The consequences of changes observed in climate and management to yield trends in major cropproducing regions have implications for future food availability. We present an assessment of the impacts of historical changes in sowing date and climate to the maize yield trend in the U.S. Corn Belt from 1980 to 2006 by using large-area crop modeling and a data assimilation technique (i.e., the model optimization based on the Markov chain Monte Carlo method). Calibrated at a regional scale, the model captured the major characteristics of the changes reported in yield as well as the timing and length of maize growth periods across the Corn Belt. The simulation results using the calibrated model indicate that while the climate change observed for the period likely contributed to a decreasing yield trend, the positive contribution from the reported shift to an earlier sowing date offset the negative impacts. With the given spread in the assessment results across previous studies and in this study, the conclusion that the negative impacts of climate change on U.S. maize yield trend more likely derive from a decreasing trend in growing-season precipitation than to an increasing trend in temperature.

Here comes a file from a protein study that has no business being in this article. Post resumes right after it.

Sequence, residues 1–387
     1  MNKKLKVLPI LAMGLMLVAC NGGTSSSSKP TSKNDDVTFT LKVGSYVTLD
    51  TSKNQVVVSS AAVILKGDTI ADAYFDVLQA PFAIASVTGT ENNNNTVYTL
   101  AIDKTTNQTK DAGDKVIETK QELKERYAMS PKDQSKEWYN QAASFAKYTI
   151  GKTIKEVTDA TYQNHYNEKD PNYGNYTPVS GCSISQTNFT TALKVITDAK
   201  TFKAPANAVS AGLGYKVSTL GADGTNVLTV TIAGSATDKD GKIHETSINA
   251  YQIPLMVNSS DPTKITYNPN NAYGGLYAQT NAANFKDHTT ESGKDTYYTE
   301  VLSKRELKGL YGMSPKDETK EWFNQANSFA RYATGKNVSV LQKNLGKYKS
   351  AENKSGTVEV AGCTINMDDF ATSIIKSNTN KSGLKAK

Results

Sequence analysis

ASJC Scopus subject areas